Losing my passport in China was probably one the most difficult things I have ever tried. It made me stay for weeks extra, and I had to go to 20 Chinese speaking police stations etc. You don’t want to lose your passport in China – trust me! I also experienced three rocket attacks in Syria close to Aleppo. At that time, the Isis-Leader Baghdadi was alive and was hiding nearby the city. I couldn’t sleep more that night, and the sound was so loud! Anyway, the three worst would be: 

Getting caught in explosions and shootings in Liberia
I saw two people get shot with my own eyes when I was going to cross the only international road to Ivory Coast and the villagers there thought they could block the road for three days because of disagreements with the police. They couldn’t block it, the police came and started to shoot in every direction, and I jumped quickly in a car and was lying under the car seat with a guy from Ghana and was sure it was over because the villagers through homemade bombs towards the police meanwhile and we were caught there in the middle. It took me some time to get over this experience, and it ranks among the worst. 

Fear because of a Taliban attack in Afghanistan
The second was an attack by the Taliban in the north of Afghanistan. I came up there, and the military told me the Taliban just attacked a few hours before (15 guys on motorbikes with weapons), and probably they were laying with snipers close by. I didn’t feel so comfortable walking to Afghanistan’s oldest mosque there, knowing they were just around and I, as a Westerner, was in their sight. Anyway, I managed to explore this area too, even though my heart was pumping very fast!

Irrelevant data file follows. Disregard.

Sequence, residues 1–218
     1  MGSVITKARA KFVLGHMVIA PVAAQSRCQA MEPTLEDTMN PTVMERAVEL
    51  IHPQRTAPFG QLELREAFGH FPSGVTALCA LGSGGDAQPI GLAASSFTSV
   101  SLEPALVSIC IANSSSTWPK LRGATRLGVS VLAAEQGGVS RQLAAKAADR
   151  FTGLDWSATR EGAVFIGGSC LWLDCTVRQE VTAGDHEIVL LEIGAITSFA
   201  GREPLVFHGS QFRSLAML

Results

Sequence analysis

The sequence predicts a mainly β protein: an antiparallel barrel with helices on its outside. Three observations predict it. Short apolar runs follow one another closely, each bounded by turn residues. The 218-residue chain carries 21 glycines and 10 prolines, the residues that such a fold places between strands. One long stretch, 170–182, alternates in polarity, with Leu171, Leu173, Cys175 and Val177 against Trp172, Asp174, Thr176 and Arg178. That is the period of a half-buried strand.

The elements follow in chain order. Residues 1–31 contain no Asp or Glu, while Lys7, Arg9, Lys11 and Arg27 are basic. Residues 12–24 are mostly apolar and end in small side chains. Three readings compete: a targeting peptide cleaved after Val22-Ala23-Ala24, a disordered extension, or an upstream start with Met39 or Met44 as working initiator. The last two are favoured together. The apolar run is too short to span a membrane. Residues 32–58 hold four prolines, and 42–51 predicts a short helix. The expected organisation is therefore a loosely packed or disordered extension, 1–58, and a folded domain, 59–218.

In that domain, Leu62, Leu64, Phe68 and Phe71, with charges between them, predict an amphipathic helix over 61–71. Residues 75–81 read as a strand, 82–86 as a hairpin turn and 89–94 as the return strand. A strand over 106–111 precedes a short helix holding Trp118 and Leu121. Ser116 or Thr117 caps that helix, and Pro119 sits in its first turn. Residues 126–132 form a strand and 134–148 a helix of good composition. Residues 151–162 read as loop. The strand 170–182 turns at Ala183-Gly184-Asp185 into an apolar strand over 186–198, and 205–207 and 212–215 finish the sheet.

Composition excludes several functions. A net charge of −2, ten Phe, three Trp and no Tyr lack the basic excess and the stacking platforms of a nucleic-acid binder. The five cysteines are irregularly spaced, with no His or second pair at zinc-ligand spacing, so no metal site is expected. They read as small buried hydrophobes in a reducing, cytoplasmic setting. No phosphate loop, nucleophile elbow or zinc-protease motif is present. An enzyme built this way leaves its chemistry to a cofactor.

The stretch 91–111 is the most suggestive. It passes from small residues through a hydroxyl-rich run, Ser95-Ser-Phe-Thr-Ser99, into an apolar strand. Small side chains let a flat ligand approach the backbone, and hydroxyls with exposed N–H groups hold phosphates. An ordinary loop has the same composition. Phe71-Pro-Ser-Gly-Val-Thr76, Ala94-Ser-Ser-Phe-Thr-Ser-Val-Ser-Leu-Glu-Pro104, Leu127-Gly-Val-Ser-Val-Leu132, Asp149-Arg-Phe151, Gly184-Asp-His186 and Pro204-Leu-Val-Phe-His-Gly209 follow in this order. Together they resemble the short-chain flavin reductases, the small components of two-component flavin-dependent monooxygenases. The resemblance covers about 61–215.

Clubbing in San Pedro Sula, Honduras
The third worst moment was in San Pedro Sula in Honduras, which was the murder capital of the World at the time I went. I had my own private driver here at night because we were told that if the gang stopped you and you went the wrong direction, they would chop your head off and play football with it. But that didn’t hold me back from going out clubbing there, and I was flirting a bit with a local girl at a bar until two guys with tattoos all over their faces gave me the evil stare, and I thought it was the right time to leave…Alone! 

What are three of your best travel tips?

Plan as little as possible
One of the first lessons I learned on the road was that your plans will nearly always change. Sure, you should have a rough plan for your trip, but don’t book everything in advance, or you’ll likely feel too restricted and end up regretting it. After coronavirus came this beautiful and spontaneous part of travelling with very little planning. It has been so difficult, but I’m still trying my best to do so, even though travelling now is 100 times harder than it was before the global pandemic, and you, unfortunately, need to have a plan and fill out so many extra documents and pay so much more for testing/quarantine etc. Let’s go back to how travel used to be soon! 

Expect everything to go wrong
Expecting everything to go perfectly on your trip is only setting yourself up to fail. Nobody goes travelling and comes back without any stories of mishaps! So deal with it and then be extra happy if all goes well.

A mix of great travel tips
The third one would be a mix: Take more photos/videos of yourself. For me, my videos are like a diary. There are people who say: We have it all in our head, but no, you don’t have five years from now. I’m so happy I started vlogging one and a half years ago. The last thing would be to learn a few words of every language, Don’t lose your temper (I got in detention in Ivory Coast because of this for one day) and travel without too much stuff! Simplicity is key!